9. Linda says:

    I reduced the amount of sugar in the dough to 1/4 cup but increased it in the filling sligtly to 6 tablespoons. I also reduced the amount of cardamom to 2 teaspoons since it’s a spice that to me has a fairly strong and, to us North Americans, unusual taste. My grandparents were Danish and my grandmother often used cardamom in breads and cookies but she kept it quite faint. Pearl sugar isn’t available where I live so I “slub” granulated sugar on the top with damp fingers, rolling the sugar between my fingers it so it falls onto the top of buns in little clumps. This is a method that works well as a substitute for pearl sugar.

  10. Irene says:

    Hi Jean, thank you and your friend for this recipe! They are delicious and my boyfriend and I thought they tasted a lot like the ones we had in Stockholm a couple of months ago (if I may say so myself). The only thing was that mine didn’t rise at all. I don’t have a kitchen aid, so maybe that’s why? Also, I didn’t have white flour and made them with whole wheat pastry flour- maybe that’s why. I will definitely make them again with white flour.
    Anyway, just wanted to thank you for this and for all the tips and photos. I had a fun time making them and they taste great!

    • Jean says:

      Hi Irene, Thank you for your lovely note! It is always so great to hear from folks about how the recipes are working or could be improved. So sorry to hear that your buns didn’t rise in this batch, my suggestions to check for next time might be to a) make sure the yeast has been activated, b) try not to have the kitchen too cool when the dough is rising (my signature boo boo), and c) perhaps try with the white flour as I know when I make bread with whole wheat flout it not only is a bit heavier but also seems to absorb more moisture from the recipe which may influence the rise. Hope the next batch works but please keep me posted either way! Many thanks, Jean

  11. Kate Yardy says:

    Made these today to take to a Christmas wine tasting. I used a 50:50 mix of strong white & plain flour (needed a bit more than stated in the recipe) & they were great. Really please with the result. I used slightly crunchy granulated sugar on the top & worked fine. Brilliant recipe, great light buttery buns.

  12. Zohar says:

    How is 5 cups 1300 ml flour? I is about half that amount…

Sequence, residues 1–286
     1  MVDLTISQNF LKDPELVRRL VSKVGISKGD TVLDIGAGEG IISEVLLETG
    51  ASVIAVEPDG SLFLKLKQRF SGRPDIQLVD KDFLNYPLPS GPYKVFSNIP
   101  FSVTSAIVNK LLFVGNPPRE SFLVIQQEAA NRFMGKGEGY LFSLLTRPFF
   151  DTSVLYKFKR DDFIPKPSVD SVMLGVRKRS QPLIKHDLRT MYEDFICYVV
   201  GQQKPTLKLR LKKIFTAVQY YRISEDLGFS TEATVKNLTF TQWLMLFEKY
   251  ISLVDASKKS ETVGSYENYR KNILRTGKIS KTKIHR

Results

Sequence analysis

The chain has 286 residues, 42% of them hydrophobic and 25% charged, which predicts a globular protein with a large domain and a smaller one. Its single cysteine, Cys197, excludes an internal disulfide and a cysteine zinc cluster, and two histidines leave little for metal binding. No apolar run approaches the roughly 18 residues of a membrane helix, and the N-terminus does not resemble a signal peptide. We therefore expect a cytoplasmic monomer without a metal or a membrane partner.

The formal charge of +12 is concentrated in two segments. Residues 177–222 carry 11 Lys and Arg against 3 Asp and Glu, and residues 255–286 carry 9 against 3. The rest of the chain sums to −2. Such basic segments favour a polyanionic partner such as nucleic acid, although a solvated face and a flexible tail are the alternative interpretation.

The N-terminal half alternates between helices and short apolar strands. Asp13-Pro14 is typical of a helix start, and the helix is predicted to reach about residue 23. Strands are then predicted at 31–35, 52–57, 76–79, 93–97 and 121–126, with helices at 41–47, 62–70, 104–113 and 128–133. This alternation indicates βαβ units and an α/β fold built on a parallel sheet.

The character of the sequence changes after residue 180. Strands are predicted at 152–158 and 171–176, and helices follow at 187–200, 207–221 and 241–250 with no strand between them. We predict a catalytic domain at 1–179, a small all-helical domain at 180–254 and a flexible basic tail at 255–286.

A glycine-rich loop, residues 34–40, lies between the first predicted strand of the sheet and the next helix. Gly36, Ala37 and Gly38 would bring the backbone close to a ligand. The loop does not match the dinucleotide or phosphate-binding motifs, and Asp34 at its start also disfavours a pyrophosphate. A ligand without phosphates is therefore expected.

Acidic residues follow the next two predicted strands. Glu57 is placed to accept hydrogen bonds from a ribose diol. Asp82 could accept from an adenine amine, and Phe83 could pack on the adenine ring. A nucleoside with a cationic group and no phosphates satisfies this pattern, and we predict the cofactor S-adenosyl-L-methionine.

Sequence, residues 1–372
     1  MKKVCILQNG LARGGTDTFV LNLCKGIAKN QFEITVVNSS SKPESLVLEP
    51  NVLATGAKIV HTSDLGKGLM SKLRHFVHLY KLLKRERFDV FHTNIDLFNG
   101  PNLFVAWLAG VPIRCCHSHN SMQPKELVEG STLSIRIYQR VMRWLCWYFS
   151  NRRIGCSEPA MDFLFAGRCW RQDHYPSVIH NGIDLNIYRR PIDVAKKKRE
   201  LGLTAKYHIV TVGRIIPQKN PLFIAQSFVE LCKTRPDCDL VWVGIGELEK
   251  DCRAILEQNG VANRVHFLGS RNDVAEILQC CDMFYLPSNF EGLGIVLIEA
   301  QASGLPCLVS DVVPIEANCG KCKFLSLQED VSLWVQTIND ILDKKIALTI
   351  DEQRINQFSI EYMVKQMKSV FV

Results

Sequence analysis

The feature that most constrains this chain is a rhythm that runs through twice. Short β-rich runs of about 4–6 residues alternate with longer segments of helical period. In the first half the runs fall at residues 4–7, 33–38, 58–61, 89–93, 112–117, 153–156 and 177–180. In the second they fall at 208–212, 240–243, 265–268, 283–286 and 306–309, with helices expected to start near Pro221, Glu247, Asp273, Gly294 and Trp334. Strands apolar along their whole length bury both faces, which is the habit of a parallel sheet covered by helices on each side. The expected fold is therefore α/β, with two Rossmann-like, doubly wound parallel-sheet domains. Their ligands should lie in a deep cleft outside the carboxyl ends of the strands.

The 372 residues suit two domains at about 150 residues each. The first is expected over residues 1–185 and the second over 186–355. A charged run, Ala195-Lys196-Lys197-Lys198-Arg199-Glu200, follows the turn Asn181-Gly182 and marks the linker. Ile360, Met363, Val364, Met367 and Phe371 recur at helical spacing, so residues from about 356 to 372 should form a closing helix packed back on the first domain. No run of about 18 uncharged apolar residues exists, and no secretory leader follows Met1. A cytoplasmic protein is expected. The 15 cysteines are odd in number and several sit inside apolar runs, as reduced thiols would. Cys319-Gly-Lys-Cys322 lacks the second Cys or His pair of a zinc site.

13. Zohar says:

    Should be 640 gr flour

  14. Rebecca says:

    Delicious, delicious buns! I too used to get them when I passed Peter’s Yard in Edinburgh but have since relocated 🙁 Thanks so much! Any tips on how to make them without them burning? It was a hard balance between getting them cooked but not burned.

    • Jean says:

      You really have to stand and watch them. Only put sugar on if you are using the Parlsaker, if you are glazing be sure to do it after. Always best to pull them when you see them start to brown and cover with a tea towel as they cool. Good Luck!

  15. Federica says:

    Oh God, I use to eat tons of these everytime I have the chance to escape to Helsinki for a few days,I’m getting so nostalgic right now!
    I’ve tried to bake them too a couple of times but they always come out as heavy as stpmes and reading Linn’s recipe I’ve maybe figured out my mistakes 🙂
    So thank you for sharing and greetings from Italy!

  16. Kate says:

    When i made them they raised like a dream and were really light. Far too yummy and I ate plenty.

  17. G’day! Thank you for inspiring me! Am American born and bred and now an Aussie!
    I did a live blog post today! Should you wish to see the photo:×683.jpg
    Cheers! Joanne

    • Jean says:

      WOW Joanne! It looks great. Having a wee peek at your site right now, looks great. I really must learn how to do my blogroll to link to other’s fun sites. A weekend project? Cheers, Jean

  18. Dr. Lo says:

    I am a huge fan of Swedish cinnamon rolls and cardamom rolls. I devour them while in Sweden, and have often carried them halfway around the world from Stockholm.

    I’ve looked at and tried so many cardamom bullar recipes in both Swedish and English over the past several years, but could not quite find one that gave me the true Swedish taste. I had a good time in the process, and definitely ate well, but had pretty much given up making ones that really approached what I had in mind.

    Thanks to you, the search has now ended! This recipe is absolutely terrific, and truly tastes like what I have in cafes and bakeries in Stockholm. I don’t think it needs any modification, though I could imagine a bit of cinnamon in the filling along with the cardamom. What a shock, and an indescribably pleasant one, to find this recipe, and the detailed explanations thereof, in a blog on Scotland! (Though as I’ve often told my Scottish and English friends, we may well be related through the Vikings and their activities in Britain a millennium ago.)